Around the world tens of millions of people use Amazon’s ‘Echo’ line of the home assistant, in fact, Amazon have sold over 100 million devices. According to recent headlines, if you own one of these speakers, you could have your privacy invaded by Amazon’s employees. Is this really true?
In a recent Bloomberg report, it was revealed that Amazon employs hundreds, possibly thousands of people to listen to audio recordings from random echo devices around the world. This is in order to help train Alexa, as they manually transcribe unclear statements sent from the devices. This is known internally as the ‘Alexa Voice Review Process’. The reviewers are tasked with transcribing audio from the devices, to check whether Artificial Intelligence is successfully detecting commands.
A recent Amazon job posting says: “Every day she [Alexa] listens to thousands of people talking to her about different topics and different languages, and she needs our help to make sense of it all. This is big data handling like you’ve never seen it. We’re creating, labelling, curating and analyzing vast quantities of speech on a daily basis.”
According to insiders of the company, the work is mundane. Occasionally, however, Amazon employees become privy to things which Amazon customers might not want to be shared. Amazon says it even has procedures in place for employees who accidentally hear things they might find distressing, like illegal activity. Amazon’s policy when it comes to this is to not interfere.
Amazon says that Alexa will only ever record speech after the wake word is said unless the device is triggered accidentally. Of all the times the wake word is said, only a very small minority are reviewed, so the chance of your speech, in particular, being reviewed is relatively low.
An Amazon spokesman said in an email: “We have strict technical and operational safeguards, and have a zero tolerance policy for the abuse of our system. Employees do not have direct access to information that can identify the person or account as part of this workflow. All information is treated with high confidentiality and we use multi-factor authentication to restrict access, service encryption and audits of our control environment to protect it.”
“We take the security and privacy of our customers’ personal information seriously, We only annotate an extremely small sample of Alexa voice recordings in order to improve the customer experience. For example, this information helps us train our speech recognition and natural language understanding systems, so Alexa can better understand your requests, and ensure the service works well for everyone.”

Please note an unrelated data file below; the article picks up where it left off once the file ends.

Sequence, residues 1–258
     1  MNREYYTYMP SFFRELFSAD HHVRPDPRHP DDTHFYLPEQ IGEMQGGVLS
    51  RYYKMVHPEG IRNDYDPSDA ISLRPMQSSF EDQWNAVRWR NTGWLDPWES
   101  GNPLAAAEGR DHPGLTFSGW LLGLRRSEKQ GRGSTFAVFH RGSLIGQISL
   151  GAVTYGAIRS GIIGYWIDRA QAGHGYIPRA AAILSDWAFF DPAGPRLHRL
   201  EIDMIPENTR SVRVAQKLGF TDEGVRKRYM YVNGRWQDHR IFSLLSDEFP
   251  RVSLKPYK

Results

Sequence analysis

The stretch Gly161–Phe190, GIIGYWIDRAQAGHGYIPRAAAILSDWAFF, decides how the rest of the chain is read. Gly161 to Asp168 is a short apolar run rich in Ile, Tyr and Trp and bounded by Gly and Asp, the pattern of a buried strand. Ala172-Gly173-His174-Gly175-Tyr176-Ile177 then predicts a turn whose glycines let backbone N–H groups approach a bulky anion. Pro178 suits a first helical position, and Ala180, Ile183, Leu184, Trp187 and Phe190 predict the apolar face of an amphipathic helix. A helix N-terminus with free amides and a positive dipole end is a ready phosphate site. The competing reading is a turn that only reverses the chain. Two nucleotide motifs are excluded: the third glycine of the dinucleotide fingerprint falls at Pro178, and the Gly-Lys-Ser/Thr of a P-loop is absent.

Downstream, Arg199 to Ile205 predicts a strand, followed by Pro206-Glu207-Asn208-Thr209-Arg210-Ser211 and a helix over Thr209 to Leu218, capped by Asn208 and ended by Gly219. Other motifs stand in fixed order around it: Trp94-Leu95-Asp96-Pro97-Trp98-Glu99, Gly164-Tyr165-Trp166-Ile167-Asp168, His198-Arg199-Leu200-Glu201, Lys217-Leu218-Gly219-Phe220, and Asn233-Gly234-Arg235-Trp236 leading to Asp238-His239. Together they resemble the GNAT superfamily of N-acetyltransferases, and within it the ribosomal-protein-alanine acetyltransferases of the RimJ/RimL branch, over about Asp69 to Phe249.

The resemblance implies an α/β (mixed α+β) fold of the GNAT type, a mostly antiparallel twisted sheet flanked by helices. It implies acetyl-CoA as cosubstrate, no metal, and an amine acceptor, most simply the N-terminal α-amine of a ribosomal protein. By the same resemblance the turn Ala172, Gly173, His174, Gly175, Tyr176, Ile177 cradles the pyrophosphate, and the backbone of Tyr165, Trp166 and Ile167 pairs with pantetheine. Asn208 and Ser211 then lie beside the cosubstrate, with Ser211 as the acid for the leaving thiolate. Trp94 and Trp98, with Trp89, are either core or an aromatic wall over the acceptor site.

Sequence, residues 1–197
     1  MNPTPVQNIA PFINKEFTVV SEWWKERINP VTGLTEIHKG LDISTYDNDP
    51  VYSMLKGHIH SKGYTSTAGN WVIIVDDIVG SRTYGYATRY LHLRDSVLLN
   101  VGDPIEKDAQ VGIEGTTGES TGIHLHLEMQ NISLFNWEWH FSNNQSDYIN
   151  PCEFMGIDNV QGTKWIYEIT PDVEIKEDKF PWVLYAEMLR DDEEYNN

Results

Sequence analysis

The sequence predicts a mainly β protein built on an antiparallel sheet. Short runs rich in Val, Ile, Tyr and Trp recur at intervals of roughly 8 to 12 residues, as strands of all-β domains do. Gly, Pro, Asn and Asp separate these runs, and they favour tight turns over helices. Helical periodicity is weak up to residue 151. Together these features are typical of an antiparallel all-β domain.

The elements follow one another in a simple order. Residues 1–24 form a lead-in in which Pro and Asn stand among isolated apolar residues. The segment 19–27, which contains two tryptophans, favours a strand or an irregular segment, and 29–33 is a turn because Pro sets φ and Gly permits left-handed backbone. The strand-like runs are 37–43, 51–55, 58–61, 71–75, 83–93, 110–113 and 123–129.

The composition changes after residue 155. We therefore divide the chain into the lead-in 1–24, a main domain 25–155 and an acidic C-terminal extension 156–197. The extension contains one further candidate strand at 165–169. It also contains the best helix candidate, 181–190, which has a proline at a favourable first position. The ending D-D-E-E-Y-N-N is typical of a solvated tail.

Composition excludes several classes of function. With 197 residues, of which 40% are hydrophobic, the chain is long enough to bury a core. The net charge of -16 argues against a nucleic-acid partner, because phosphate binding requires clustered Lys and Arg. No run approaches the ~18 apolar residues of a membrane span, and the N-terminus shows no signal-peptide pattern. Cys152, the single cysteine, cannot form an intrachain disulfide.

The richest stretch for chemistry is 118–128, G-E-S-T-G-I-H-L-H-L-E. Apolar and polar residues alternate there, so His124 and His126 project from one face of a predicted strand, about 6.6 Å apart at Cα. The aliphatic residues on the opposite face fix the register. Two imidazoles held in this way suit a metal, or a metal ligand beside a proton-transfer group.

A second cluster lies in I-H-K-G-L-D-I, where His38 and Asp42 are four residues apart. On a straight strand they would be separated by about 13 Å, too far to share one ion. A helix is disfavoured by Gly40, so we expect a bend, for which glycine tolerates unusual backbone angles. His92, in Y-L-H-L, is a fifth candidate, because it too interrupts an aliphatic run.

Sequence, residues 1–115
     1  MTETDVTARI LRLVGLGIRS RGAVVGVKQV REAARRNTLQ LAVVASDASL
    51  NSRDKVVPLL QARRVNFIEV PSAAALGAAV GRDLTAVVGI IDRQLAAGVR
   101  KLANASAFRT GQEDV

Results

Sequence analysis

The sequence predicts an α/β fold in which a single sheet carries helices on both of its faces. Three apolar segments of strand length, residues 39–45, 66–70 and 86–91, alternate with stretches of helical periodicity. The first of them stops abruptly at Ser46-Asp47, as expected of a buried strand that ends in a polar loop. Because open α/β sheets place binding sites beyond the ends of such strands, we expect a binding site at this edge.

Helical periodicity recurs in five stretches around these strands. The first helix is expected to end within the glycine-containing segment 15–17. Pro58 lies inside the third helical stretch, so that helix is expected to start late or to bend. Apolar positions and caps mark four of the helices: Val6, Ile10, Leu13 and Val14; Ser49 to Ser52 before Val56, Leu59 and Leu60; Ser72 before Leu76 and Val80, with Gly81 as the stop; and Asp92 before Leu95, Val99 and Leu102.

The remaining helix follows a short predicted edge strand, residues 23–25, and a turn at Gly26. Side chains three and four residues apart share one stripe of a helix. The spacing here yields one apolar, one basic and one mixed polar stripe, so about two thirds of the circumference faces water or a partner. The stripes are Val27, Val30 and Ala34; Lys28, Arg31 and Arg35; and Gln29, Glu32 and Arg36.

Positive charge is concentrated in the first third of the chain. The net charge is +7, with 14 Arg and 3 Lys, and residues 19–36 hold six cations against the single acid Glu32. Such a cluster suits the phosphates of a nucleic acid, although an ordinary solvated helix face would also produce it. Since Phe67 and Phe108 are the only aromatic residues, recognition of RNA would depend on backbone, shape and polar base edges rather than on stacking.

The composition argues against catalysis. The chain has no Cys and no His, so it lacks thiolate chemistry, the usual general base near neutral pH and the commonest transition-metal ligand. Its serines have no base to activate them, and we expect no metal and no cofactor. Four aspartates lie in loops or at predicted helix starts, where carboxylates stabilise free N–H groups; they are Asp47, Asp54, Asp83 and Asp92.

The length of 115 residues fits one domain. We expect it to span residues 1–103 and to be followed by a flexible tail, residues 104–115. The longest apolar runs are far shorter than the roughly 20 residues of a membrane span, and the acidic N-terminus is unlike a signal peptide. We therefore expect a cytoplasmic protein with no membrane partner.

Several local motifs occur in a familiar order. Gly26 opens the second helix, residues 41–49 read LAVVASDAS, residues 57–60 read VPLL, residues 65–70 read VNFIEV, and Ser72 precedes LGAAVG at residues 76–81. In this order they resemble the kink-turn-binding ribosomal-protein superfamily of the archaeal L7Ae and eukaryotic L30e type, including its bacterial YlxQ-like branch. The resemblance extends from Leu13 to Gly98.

So no, you probably don’t need to worry about whether Amazon employees are listening to your conversations. The chance at any point in time of an employee hearing your message to Alexa is very low. The workers do have some information about the audio clip they are listening to. This includes the users’ Account ID number, the user’s first name, and the device serial number. If an employee does note that sensitive information is stored on an audio recording; like bank details, then the audio file is permanently deleted.
The audio files are strictly confidential, and the workers are not to share what they’ve heard, unless what they heard was distressing, in which case they are allowed to share the experience on internal chatrooms as a method of relieving built up stress.
The voice review process takes place in many places all across the globe, including Boston, Costa Rica, India and Romania. The shifts take up to 9 hours, with some workers reviewing 1,000 audio clips per shift.
How to Prevent Prying Eyes
If you are that worried about prying eyes, you can opt out of voice recordings. This is done by opening the Alexa app, selecting ‘Alexa Account’, then ‘Alexa Privacy’. From here you can select ‘Manage how your data improves Alexa’, and turn off ‘Help Develop New Features’. This should stop Amazon from reviewing audio from your devices, but it’s unclear whether ‘Help Develop New Features’ refers to the Voice Review Process. In fact, Amazon said in a statement that people who opt out of the new features program may still have their audio recordings analysed as part of the Voice Review Process.
What a lot of users don’t understand about these types of devices is that some degree of human interaction is required to train them. Without someone to tell an artificial intelligence when it is wrong or right, it wouldn’t be able to learn or improve. This intervention is especially necessary when Alexa makes mistakes or hears unknown words like new slang. This is why Amazon has recruited employees to check the audio.
Apple’s Siri also uses a voice review process, but Apple says that the audio files are not connected to any identifiable information, and they are deleted permanently after 6 months. With Google’s voice review process, the audio isn’t tied to any identifiable information and is also distorted.
This isn’t the first time concerns have been raised over the privacy of home assistants and Internet-of-Things devices. With the exponentially growing scale of the IoT, I sincerely doubt this will be the last.